Richard Louv is a journalist and author of eight books about the connections between family, nature and community. His newest book is The Nature Principle: Human Restoration and the End of Nature-Deficit Disorder (Algonquin), which offers a new vision of the future, in which our lives are as immersed in nature as they are in technology. Louv is also the founding chairman of the Children & Nature Network at www.childrenandnature.org, an organization helping build the movement to connect today's children and future generations to the natural world. Louv coined the term Nature-Deficit Disorder™ which has become the defining phrase of this important issue.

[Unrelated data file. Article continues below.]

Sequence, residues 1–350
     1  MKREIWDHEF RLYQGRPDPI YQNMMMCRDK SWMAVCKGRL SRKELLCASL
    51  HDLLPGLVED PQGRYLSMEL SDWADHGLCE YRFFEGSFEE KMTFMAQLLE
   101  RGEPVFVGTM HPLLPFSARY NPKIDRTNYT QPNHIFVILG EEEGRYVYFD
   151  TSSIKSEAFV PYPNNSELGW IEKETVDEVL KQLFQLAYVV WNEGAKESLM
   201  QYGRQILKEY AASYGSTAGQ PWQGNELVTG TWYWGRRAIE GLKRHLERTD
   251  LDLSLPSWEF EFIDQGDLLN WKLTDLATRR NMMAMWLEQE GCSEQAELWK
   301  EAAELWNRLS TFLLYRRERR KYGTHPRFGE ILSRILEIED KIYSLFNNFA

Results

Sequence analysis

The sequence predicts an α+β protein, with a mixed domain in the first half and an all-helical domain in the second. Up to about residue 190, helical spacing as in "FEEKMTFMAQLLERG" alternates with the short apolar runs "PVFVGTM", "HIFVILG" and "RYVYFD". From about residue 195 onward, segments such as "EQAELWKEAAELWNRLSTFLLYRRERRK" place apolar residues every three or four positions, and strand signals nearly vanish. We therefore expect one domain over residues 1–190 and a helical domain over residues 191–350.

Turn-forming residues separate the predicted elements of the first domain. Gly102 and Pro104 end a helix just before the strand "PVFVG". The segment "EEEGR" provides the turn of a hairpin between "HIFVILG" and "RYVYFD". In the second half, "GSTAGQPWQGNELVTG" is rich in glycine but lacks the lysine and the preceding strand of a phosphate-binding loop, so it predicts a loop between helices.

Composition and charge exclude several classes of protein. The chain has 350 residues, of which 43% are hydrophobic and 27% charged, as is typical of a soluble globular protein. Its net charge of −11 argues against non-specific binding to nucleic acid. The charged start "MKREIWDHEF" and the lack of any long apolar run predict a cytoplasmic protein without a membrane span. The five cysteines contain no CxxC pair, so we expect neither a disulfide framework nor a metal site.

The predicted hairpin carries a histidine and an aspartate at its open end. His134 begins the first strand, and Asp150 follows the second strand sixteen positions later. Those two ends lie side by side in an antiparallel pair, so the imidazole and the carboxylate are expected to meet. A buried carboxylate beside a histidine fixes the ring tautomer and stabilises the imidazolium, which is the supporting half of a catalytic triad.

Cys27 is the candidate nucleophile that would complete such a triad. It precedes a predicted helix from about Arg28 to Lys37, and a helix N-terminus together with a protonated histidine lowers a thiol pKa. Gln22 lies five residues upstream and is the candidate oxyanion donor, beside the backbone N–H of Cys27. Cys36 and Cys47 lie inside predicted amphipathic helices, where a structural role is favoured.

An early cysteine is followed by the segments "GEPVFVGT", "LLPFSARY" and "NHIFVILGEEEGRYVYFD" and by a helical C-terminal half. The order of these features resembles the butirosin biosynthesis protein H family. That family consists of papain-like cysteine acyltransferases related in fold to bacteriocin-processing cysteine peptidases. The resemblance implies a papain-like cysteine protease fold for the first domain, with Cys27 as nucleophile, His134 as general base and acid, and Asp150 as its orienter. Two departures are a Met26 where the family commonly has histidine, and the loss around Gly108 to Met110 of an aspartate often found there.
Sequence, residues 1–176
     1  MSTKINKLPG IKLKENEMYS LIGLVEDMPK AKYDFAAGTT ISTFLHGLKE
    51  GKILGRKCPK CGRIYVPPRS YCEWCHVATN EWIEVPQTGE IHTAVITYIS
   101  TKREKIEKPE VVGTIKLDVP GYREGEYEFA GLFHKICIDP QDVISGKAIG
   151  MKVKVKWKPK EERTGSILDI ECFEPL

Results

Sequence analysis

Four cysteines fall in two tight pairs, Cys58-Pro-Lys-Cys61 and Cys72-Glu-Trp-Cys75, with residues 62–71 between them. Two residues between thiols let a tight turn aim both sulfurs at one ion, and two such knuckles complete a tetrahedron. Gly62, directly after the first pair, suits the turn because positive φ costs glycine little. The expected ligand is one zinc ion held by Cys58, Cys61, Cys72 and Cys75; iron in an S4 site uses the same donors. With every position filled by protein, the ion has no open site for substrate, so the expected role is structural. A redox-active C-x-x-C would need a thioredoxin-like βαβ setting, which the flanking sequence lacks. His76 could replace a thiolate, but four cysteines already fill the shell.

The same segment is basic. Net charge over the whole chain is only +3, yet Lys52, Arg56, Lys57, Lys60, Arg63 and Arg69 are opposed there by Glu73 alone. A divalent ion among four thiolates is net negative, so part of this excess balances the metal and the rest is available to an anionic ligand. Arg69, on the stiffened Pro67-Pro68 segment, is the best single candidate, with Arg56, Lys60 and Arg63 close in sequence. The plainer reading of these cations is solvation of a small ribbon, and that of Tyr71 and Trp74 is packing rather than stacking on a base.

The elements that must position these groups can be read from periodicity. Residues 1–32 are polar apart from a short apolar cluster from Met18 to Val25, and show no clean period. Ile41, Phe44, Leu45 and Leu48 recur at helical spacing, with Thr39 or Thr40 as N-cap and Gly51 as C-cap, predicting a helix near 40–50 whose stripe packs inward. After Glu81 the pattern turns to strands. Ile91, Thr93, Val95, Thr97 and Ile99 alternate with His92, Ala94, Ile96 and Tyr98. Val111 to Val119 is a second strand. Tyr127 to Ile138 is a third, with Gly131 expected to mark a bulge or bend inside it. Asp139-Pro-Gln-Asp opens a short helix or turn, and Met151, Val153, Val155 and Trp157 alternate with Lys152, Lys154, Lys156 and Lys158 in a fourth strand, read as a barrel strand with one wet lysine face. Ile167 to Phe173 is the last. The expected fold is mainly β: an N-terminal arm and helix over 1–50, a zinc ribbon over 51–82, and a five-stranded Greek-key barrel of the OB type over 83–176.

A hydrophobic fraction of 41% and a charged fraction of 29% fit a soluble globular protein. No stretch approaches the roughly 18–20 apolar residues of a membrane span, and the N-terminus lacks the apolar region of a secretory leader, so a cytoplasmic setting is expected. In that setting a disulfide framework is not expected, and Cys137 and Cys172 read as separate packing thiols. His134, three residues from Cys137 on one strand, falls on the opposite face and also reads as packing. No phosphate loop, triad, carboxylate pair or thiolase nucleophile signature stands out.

In 2008, he was awarded the Audubon Medal, presented by the National Audubon Society. Prior recipients have included Rachel Carson, E. O. Wilson and President Jimmy Carter. Louv is also the recipient of the Cox Award for 2007, Clemson University's highest honor, for "sustained achievement in public service" and has been a Clemson visiting professor.
Louv has written for The New York Times, The Washington Post, The Times of London, and other major publications. He has appeared on many national TV shows, including NBC's Today Show and Nightly News, CBS Evening News, ABC's Good Morning America, and NPR's Morning Edition, Fresh Air, and Talk of the Nation. He serves on the board of directors of ecoAmerica and is a member of the Citistates Group. For more information, visit www.RichardLouv.com.